22 SES 06 A, Internationalisation: Student learning and mobility
There is a constantly growing interest in internationalization of higher education (IHE). Although there are different dimensions of IHE, student mobility has been the most important dimensions of IHE. Particularly the inbounding student mobility contributes to the countries, to higher education organizations and to individuals. Knight (1999; 2004) labelled these contributions as rationales of IHE and devised a framework to discuss economic, academic, political, social and cultural contributions of IHE at country, institution and individual levels. However, international students face with several challenges in their study abroad experience (Lee, Koeske, & Sales, 2004; Poyrazli, Kavanaugh, Baker, & Al-Thimimi, 2004), which endangers realization of these rationales. More importantly, these challenges trouble students’ adjustment and weaken their academic progress (Devos, 2003; Tseng & Newton, 2002; Ultsch & Rust, 2001). Therefore, significant number of studies conducted in order to examine international students’ experiences, reveal the challenges they experience, document sources of these challenges and build practice-oriented recommendations to eliminate these challenges (Pan, Wong, Joubert, & Chan, 2008; Kondakci, Van den Broeck, & Yildirim, 2008; Zheng & Berry, 1991; Neto & Barros, 2007).
As a result of the concern to eliminate the challenges faced by international students, a significant body of research concentrated on satisfaction of international students (Cetinkaya-Yildiz, Cakir, & Kondakci, 2011; Grey, 2002; Ward, Okura, Kennedy, & Kojima 1998; Kondakci et al., 2008). Despite the extensive literature on student mobility and experiences of the student there are several gaps in the literature regarding the challenges, sources of these challenges and solutions to these challenges. First of all, the experiences of international students are limited with academic and cultural experiences. However, international students experience several challenges related to administrative practices and social interaction. Secondly, most of the studies on the satisfaction of international students are conducted in traditional destinations of international students (e.g., USA, the UK, Canada, and Australia). Therefore, the literature reflects a Western understanding. However, there is a growing number of internationally mobile student in the periphery. Hence, knowledge produced on international students in traditional destinations may not apply to the students in the periphery. This mismatch may be related to differences in language, higher education system, culture etc. Therefore, research on student experiences in the periphery is also needed. Third most of the previous empirical research was conducted with limited data which can be one of the causes of ambivalent conclusions on the satisfaction of international students. Therefore, research with sound methodologies and extensive empirical data is needed to reveal the sources of satisfaction of international students.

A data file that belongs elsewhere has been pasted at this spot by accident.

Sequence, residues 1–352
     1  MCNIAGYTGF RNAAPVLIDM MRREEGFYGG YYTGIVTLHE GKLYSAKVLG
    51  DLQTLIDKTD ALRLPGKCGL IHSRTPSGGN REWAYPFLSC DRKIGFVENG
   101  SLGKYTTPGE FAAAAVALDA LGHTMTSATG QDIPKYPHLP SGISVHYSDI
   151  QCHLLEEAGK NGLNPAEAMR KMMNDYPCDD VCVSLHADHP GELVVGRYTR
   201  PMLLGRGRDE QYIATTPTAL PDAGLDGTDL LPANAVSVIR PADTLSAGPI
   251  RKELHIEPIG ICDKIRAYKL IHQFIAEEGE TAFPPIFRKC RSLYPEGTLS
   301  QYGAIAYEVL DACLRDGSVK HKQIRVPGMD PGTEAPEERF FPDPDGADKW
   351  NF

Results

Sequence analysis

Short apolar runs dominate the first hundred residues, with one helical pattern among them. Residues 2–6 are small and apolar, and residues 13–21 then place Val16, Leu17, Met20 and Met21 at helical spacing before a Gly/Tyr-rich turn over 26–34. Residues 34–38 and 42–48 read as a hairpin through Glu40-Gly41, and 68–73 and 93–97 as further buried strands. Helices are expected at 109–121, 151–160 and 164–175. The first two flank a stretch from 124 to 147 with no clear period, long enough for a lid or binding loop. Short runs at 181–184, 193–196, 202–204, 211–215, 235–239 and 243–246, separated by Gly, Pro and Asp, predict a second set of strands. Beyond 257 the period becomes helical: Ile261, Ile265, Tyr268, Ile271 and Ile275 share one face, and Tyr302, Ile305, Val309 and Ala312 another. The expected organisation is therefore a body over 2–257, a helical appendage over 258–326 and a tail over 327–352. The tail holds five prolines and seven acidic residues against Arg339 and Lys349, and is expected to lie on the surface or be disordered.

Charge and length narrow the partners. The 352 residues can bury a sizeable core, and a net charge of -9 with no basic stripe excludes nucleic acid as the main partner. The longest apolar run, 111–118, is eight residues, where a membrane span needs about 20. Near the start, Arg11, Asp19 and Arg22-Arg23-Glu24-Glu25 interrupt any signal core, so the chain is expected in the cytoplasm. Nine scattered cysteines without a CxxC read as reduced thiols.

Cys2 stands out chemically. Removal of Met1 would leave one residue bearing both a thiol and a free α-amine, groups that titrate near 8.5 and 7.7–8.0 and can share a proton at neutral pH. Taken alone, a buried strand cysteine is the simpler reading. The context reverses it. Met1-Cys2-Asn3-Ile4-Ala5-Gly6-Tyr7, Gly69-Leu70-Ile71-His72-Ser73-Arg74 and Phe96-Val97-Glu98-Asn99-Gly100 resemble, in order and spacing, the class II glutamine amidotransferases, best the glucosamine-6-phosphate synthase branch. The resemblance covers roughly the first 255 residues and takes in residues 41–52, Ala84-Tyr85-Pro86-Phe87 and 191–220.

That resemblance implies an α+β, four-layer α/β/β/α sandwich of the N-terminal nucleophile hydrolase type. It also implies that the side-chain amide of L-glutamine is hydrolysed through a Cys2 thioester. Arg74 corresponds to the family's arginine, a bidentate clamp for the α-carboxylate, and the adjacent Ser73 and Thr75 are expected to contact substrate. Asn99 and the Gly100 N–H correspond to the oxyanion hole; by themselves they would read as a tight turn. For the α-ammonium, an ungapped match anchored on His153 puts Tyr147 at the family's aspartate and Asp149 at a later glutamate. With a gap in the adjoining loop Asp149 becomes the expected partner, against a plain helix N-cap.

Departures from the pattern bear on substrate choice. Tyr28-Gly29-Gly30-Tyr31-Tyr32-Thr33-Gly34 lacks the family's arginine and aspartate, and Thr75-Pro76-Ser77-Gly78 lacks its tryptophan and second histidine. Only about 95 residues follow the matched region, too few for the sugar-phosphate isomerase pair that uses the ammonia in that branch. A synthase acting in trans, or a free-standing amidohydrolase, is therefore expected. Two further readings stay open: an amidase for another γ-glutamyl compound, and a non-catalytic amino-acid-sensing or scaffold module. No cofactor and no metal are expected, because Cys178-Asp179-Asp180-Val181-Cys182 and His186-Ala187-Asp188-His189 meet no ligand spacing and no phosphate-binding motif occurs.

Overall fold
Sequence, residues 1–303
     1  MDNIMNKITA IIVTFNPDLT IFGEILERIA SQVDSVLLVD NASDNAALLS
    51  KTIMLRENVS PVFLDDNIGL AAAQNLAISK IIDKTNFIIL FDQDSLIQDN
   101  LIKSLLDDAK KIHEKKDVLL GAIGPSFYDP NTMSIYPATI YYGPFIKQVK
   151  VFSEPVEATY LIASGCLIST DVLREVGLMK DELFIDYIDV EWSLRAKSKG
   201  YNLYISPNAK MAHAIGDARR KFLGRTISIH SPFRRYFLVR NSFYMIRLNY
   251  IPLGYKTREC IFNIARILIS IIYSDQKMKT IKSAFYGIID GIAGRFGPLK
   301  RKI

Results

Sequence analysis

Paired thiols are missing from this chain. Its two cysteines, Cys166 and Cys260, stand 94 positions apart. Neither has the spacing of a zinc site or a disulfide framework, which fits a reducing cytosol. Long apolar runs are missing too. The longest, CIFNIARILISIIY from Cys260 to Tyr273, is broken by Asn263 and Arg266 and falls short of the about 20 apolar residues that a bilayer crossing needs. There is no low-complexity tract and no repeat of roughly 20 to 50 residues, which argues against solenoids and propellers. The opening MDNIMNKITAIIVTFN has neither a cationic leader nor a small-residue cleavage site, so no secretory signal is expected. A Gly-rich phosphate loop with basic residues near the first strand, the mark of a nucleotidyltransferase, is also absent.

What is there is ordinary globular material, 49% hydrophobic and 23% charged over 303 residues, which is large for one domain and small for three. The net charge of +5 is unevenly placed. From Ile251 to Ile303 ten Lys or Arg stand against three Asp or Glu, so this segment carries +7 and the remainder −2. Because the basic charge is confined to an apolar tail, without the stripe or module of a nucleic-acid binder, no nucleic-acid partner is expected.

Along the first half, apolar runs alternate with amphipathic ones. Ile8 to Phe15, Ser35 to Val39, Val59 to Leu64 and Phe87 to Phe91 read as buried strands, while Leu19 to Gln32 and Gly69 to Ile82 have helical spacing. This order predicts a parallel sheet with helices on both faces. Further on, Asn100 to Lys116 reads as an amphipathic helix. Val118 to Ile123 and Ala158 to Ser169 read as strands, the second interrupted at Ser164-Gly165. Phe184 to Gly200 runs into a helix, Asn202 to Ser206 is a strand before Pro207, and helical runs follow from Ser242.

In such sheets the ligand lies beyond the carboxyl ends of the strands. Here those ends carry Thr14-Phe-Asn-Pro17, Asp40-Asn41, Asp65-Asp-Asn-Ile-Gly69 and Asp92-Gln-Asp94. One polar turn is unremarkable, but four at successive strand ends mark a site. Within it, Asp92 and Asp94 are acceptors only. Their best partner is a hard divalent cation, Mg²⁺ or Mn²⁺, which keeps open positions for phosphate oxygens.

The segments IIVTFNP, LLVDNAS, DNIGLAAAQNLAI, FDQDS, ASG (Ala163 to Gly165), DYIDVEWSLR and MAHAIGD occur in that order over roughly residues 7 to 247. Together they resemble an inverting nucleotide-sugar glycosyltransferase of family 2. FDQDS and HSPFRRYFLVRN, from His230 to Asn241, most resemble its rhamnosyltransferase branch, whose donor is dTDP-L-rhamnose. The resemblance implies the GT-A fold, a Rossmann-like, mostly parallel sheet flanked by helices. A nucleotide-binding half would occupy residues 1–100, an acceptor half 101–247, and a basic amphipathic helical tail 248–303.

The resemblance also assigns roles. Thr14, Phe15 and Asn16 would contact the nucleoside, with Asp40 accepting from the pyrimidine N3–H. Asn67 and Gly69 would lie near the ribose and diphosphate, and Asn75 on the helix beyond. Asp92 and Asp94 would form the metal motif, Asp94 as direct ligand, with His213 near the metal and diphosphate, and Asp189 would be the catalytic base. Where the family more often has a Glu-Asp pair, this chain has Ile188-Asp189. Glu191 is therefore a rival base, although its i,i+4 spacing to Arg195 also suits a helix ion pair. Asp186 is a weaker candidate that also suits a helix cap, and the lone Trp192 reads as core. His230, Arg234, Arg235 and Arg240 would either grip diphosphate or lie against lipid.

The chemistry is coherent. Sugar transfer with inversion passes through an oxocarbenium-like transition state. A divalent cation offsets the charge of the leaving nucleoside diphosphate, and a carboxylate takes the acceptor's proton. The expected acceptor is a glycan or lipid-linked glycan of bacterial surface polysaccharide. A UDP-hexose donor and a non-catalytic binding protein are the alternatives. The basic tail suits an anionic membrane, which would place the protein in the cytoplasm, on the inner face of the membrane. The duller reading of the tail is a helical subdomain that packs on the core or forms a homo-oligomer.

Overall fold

Considering the gap in the literature, this study aims at identifying the factors contributing to satisfaction of international students and reveal the regional differences on different dimensions of student satisfaction in Turkey, a country which has been grouped as a sending country in the global scheme of the international student mobility and located in the periphery in the global economic, political and academic distribution of the world countries.
This study was designed as a mixed method study. Following Creswell's (2007) dominant-less dominant design, the quantitative part was conceived as the dominant one and the qualitative one was conceived as the less dominant one. The quantitative study was designed as a causal-comparative study while the qualitative part was designed a generic qualitative design (Merriam, 2009). The purpose of the qualitative study was to elaborate, signify and explain the quantitative results. In the quantitative part the main motivation was to reveal the factors contributing to international students' satisfaction and reveal the relative importance of these factors for students coming from different regions of the world. In 2016 there were 48,600 international students in Turkey. Following two stage cluster sampling, a total number of 3037 international students pursuing degrees at graduate and undergraduate levels were selected as the quantitative sample of the study. This sample constitutes more than %6 of the international student population in Turkey. Applying the snowball technique of purposeful sample, 30 international students studying in six different public universities in Turkey were selected as the qualitative sample of the study. A previously developed instrument by Kondakci, Cakir, and Cetinkaya-Yıldız (2009) was used to collect the data. The instrument composed two sections. The first section covered questions and items on the background information of the students. The second part of the instrument composed of items on the factors contributing to their satisfaction with their experiences in Turkey. Both qualitative and quantitative data set were collected in 2016. In order to reveal the difference between country groups (or regions) MANOVA was conducted using IBM Statistics 24. The number of students coming from different countries vary to great extends. Therefore, the sample was grouped into eight geographical regions: Africa, Middle East, Post-Soviet states, Central Asia and Turkic Republics, South East Asia, Latin America, North America, Europe, and the Balkans. These geographical regions formed the categorical variable of in MANOVA. The qualitative data was subjected to content analyses by MAXQDA12.